"We have sailed many months, we have sailed many weeks,(Four weeks to the month you may mark), But never as yet ('tis your Captain who speaks) Have we caught the least
glimpse of a Snark!
It is alleged, indeed, that the high heels are most agreeable to our ancient constitution; but, however this be, his majesty has determined to make use only of low heels in the administration of the government, and all offices in the gift of the crown, as you cannot but observe; and particularly that his majesty's imperial heels are lower at least
by a DRURR than any of his court (DRURR is a measure about the fourteenth part of an inch).
For this purpose I have shown that no acquisitions of guilt can compensate the loss of that solid inward comfort of mind, which is the sure companion of innocence and virtue; nor can in the least
balance the evil of that horror and anxiety which, in their room, guilt introduces into our bosoms.
In the meantime, however, I was cunning enough not to give the least
room to any in the family to suspect me, or to imagine that I had the least
correspondence with this young gentleman.
Besides, the provident law has deprived you of the power to disinherit me, at least
entirely, as it has also of the power to compel me to marry Monsieur This or Monsieur That.
A niece of ours, Sir Thomas, I may say, or at least
ofyours, would not grow up in this neighbourhood without many advantages.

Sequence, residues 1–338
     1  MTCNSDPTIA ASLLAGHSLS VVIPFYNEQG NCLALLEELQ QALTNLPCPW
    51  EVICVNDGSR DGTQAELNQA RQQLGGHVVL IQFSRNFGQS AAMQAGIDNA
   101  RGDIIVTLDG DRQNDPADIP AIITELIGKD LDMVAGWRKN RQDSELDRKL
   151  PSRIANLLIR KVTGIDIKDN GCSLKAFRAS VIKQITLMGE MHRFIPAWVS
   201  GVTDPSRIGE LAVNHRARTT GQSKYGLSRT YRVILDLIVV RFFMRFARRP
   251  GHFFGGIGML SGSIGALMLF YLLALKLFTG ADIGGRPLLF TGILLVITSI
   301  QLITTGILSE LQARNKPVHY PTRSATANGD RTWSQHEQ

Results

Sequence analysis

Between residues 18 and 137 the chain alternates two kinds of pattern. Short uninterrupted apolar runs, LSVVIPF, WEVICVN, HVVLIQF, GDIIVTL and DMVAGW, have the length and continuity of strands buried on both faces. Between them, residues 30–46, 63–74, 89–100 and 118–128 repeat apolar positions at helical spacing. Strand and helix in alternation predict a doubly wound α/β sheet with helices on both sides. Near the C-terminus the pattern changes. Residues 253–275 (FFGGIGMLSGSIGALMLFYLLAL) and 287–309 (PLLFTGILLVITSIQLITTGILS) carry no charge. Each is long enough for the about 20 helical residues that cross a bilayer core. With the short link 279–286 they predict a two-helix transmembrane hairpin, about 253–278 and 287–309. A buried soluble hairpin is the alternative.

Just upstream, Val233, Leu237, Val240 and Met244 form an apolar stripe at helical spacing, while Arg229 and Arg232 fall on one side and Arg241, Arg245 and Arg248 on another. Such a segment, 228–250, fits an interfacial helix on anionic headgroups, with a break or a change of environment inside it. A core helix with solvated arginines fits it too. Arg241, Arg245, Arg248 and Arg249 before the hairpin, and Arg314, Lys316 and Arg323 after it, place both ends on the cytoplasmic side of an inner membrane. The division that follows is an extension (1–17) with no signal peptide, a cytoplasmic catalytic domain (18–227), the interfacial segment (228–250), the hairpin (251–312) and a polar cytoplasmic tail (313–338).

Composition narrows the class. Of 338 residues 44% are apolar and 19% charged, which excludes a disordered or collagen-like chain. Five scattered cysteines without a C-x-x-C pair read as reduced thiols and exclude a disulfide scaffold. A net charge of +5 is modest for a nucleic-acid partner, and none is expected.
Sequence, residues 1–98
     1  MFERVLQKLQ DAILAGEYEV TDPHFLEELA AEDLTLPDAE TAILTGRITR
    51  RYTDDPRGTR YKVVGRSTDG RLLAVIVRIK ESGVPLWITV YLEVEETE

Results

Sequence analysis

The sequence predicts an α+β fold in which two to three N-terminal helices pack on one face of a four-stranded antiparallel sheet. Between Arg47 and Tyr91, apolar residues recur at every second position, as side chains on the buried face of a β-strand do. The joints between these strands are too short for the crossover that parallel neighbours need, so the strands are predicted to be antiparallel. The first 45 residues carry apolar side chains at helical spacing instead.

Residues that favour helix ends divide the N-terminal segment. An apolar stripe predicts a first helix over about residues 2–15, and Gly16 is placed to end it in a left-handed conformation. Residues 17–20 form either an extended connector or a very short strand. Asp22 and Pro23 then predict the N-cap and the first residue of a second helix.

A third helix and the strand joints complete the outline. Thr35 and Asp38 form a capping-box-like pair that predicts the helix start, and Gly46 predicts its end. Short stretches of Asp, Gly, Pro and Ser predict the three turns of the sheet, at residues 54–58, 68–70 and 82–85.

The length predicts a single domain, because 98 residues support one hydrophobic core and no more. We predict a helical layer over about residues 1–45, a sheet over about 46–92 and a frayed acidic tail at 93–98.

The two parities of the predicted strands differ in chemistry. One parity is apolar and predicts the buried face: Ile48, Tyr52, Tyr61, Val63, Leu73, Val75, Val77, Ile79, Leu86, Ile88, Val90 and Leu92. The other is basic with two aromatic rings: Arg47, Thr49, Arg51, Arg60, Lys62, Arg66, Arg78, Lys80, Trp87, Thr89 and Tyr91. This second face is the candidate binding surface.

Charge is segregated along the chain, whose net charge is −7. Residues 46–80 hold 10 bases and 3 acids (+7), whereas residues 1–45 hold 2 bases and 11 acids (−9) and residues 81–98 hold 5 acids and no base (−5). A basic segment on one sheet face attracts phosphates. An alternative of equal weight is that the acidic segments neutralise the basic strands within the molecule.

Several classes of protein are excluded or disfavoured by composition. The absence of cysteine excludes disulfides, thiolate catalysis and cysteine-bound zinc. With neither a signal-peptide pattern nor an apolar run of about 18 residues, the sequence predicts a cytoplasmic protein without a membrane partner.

And the same principle, as I should suppose, applies to all composite things--furniture, houses, garments; when good and well made, they are least
altered by time and circumstances.
"Well it wasn't a bird--at least
not a regular bird," said Ned in a low voice, as once more he looked at the dark and gloomy jungle that stretched back from the river and behind the little clearing where the camp had been made.
If it was easy to reflect, however, that such a boy could postpone school, it was at least
as marked that for such a boy to have been "kicked out" by a schoolmaster was a mystification without end.
The charges exhibited against it are, first, that so small a number of representatives will be an unsafe depositary of the public interests; secondly, that they will not possess a proper knowledge of the local circumstances of their numerous constituents; thirdly, that they will be taken from that class of citizens which will sympathize least
with the feelings of the mass of the people, and be most likely to aim at a permanent elevation of the few on the depression of the many; fourthly, that defective as the number will be in the first instance, it will be more and more disproportionate, by the increase of the people, and the obstacles which will prevent a correspondent increase of the representatives.
For if a Soldier is a wedge, a Woman is a needle; being, so to speak, ALL point, at least
at the two extremities.
People said that he resembled Byron--at least
that his head was Byronic; but he was a bearded, tranquil Byron, who might live on a thousand years without growing old.